Where does Jay Payton fit in?
Where does Jay Payton fit in with the team? Is he a starter in left field? Where does he fit in the batting order?
-- Chris S., Annapolis, Md.
Payton's ultimate status is still undecided, but for now, he's slotted in as the regular in left field. It wouldn't be a disaster for the Orioles to break camp with him playing every day, but Baltimore still plans on trying to find a power bat to split time in left field or at first base. And with two months left in the winter, there's still plenty of time.
While Payton may not be a power hitter, he's a well-rounded player who will complement the rest of the team's talent. The veteran is a strong defender in all three outfield slots, and as the outfield's only right-handed hitter, he can spell either Corey Patterson or Nick Markakis against tough southpaws. Payton's also a solid baserunner.
He'll probably bat toward the bottom of the lineup -- perhaps seventh or eighth -- but could also find himself in the two-hole. Either way, he's a huge upgrade over Baltimore's left fielders from last season. Jeff Conine, while still solid at the plate, was losing tread defensively. And Brandon Fahey just wasn't ready to play on a regular basis.
Simply put, if Payton stays healthy, the Orioles won't have to audition Minor League castoffs like Fernando Tatis and Luis Terrero. Payton may not have been an addition that brought big headlines, but he is a player who made sense. If the O's are able to find a bat that can turn Payton into a fourth outfielder, their roster would be even stronger.
Is there a reason the Orioles are sticking with Fahey? He batted .150 or lower in August and September with little to no power.
-- David B., Bethesda, Md.
Fahey thrived in part-time duty, but fell off as he started gaining regular playing time. The rookie was pressed into everyday service by a combo of trades and injuries, and he was asked to do so in a position (left field) he hadn't played since college. When the end of the year came around, he was stretched well beyond his breaking point.
Having said that, Fahey may be fighting an uphill battle for a roster spot. Baltimore added Freddie Bynum at the Winter Meetings, a player who echoes Fahey's versatility but adds some home-run power. And the Orioles have re-signed Chris Gomez, who might make both Fahey and Bynum redundant.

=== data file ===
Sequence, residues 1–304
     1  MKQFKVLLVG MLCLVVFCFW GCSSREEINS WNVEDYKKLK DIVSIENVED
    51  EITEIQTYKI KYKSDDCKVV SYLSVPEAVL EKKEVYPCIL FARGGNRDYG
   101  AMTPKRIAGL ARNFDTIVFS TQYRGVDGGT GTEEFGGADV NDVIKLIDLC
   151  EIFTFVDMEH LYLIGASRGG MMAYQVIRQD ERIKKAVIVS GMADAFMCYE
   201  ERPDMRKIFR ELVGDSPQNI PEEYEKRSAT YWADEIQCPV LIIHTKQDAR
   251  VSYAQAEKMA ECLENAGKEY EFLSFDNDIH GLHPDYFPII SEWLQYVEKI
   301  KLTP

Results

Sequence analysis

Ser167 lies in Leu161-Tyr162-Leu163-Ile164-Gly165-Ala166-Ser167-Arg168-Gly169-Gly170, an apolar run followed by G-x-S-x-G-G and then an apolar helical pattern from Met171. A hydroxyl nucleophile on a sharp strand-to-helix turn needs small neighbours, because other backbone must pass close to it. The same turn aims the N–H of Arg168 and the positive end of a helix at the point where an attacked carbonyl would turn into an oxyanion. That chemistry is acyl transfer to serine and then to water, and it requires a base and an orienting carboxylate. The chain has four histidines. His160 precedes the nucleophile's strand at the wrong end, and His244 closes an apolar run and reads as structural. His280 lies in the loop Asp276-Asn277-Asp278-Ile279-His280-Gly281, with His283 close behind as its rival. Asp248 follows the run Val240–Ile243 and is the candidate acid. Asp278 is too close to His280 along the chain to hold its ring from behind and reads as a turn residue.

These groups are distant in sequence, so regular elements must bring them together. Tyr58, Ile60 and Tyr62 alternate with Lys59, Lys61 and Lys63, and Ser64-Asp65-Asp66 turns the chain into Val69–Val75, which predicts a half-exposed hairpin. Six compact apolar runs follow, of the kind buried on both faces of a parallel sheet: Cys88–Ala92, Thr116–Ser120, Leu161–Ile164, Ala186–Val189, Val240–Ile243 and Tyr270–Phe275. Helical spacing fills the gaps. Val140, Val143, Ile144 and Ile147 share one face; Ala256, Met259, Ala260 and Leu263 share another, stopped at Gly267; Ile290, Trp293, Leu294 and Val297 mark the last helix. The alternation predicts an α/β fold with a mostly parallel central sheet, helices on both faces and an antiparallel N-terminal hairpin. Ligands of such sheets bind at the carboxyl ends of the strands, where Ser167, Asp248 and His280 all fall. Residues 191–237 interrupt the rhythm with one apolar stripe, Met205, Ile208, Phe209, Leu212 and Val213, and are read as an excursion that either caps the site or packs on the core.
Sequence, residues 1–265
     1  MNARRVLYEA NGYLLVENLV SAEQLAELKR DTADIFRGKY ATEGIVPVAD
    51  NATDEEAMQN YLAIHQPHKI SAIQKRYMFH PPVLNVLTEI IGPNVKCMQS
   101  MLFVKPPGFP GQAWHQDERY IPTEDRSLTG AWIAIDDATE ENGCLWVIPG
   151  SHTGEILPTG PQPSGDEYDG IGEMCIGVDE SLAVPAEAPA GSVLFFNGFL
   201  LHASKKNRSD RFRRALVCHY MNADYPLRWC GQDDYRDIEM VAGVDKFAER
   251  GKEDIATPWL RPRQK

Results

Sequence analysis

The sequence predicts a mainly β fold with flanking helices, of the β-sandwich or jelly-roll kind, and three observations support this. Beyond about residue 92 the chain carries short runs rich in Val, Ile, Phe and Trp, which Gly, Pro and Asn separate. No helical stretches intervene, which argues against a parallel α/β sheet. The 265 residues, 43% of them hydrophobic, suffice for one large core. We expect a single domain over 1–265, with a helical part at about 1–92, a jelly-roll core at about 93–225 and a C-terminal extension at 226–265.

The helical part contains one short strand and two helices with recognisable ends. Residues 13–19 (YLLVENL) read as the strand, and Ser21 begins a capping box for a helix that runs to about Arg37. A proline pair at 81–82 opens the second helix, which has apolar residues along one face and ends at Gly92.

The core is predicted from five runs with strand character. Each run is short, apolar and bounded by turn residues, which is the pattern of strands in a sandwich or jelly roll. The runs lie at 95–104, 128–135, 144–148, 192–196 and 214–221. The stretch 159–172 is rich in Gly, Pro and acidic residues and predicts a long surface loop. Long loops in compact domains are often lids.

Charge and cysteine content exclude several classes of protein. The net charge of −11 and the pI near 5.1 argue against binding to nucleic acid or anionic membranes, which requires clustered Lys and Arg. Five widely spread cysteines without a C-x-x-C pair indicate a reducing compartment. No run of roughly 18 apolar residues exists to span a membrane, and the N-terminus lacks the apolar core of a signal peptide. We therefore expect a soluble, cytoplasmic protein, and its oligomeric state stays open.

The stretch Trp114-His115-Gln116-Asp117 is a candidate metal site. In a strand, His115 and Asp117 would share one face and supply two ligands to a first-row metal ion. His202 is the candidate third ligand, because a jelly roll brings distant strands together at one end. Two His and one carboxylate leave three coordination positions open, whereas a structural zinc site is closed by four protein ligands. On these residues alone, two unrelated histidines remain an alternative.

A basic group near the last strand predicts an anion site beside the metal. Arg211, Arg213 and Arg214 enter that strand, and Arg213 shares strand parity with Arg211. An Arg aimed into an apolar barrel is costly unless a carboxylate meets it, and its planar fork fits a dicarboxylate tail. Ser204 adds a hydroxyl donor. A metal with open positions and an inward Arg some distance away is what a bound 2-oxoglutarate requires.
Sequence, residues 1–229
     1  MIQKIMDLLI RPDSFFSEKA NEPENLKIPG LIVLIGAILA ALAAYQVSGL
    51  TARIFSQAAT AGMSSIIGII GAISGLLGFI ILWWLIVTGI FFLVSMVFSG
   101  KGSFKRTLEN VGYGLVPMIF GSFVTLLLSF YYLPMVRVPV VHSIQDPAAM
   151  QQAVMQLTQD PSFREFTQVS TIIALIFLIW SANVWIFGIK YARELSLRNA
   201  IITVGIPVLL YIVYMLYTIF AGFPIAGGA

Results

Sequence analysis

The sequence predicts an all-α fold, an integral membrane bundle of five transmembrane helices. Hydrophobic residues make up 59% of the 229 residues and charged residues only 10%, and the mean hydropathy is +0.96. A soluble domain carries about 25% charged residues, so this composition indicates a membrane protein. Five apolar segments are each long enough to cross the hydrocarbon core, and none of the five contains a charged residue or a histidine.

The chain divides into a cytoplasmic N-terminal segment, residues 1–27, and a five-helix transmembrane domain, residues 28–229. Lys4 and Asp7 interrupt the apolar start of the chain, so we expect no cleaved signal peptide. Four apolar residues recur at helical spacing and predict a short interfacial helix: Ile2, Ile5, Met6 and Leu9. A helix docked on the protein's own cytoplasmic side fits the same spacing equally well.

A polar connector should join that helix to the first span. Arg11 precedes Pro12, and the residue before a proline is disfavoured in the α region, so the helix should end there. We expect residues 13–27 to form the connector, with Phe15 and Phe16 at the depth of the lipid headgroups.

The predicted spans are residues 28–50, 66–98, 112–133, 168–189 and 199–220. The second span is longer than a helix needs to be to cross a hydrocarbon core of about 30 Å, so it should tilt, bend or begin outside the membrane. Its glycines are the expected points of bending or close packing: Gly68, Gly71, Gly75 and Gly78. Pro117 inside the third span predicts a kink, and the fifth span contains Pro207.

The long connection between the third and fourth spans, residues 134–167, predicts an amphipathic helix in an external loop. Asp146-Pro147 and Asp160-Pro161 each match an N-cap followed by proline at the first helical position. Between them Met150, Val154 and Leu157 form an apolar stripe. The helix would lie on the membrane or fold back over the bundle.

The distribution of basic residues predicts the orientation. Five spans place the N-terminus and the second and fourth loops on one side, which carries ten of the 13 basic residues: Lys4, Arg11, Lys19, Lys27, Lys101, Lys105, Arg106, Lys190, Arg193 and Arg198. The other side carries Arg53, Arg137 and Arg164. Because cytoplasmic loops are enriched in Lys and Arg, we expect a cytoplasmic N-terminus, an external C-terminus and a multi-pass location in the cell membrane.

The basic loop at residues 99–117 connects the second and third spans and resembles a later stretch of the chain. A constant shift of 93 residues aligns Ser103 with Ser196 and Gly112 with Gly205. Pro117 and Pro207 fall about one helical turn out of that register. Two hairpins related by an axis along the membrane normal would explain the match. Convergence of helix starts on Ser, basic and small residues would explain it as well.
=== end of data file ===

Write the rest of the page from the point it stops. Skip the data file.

Will the Orioles carry two utilitymen? Perhaps -- but if they add another outfielder, they'll instantly reduce those chances. If Baltimore carries 12 pitchers like it did last season, that only leaves room for four reserves. One would be a backup catcher, one would be Payton and one would likely be Gomez. The last spot would be up for grabs.
What happened to make the O's non-tender David Newhan, and what is his future?
-- **** M., Laredo, Texas
Newhan got caught in the roster squeeze we just mentioned. The fact that he's a left-handed hitter didn't help his cause, and Payton's outfield versatility trumped his main asset. Bynum's presence didn't help, either. The Minor League veteran can play the outfield and the infield, and he runs just as well or better than Newhan.
The one edge Newhan has is in the hitting department, but the Orioles couldn't figure out whether he'd have a role. And that's nothing new for the former infielder, who's overcome the odds at every step of his career. Newhan went to three colleges before turning pro, and seven different organizations before he got his first real big-league audition.
Newhan, the son of a sportswriter, is completely over last year's broken right fibula, which cost him four months. He'll likely latch on somewhere, but his chances of a big-league deal are slim. There are scores of players just like Newhan and Bynum that never make it to the Major Leagues, which illustrates the depth of talent at Triple-A.
Will outfield prospect Nolan Reimold be asked to the big-league Spring Training camp in 2007? What's his status? Do you think his outlook is bright?
-- Bob K., Harrisburg, Pa.
Reimold is one of Baltimore's best non-pitching prospects, but he may have to wait another year for a taste of Spring Training. The Orioles will likely be sorting through their outfielders -- including Fahey and Bynum -- which means that Reimold may have to play at the team's Minor League camp in Sarasota.
That's where he should be at this point in his career. Reimold has shown patience and power at every rung of the organization, but he hasn't progressed too far. The 23-year-old played for Class A Frederick last season, which means he'll probably move up to Double-A Bowie. From there, he's a season or two away from the big leagues.
Reimold can make the case for a rapid promotion with a big half-season at Bowie and an equally convincing half at Triple-A Norfolk, but a full season at both levels might be more prudent. Reimold and Markakis may eventually be All-Star bookends, but it's going to take more time and more patience.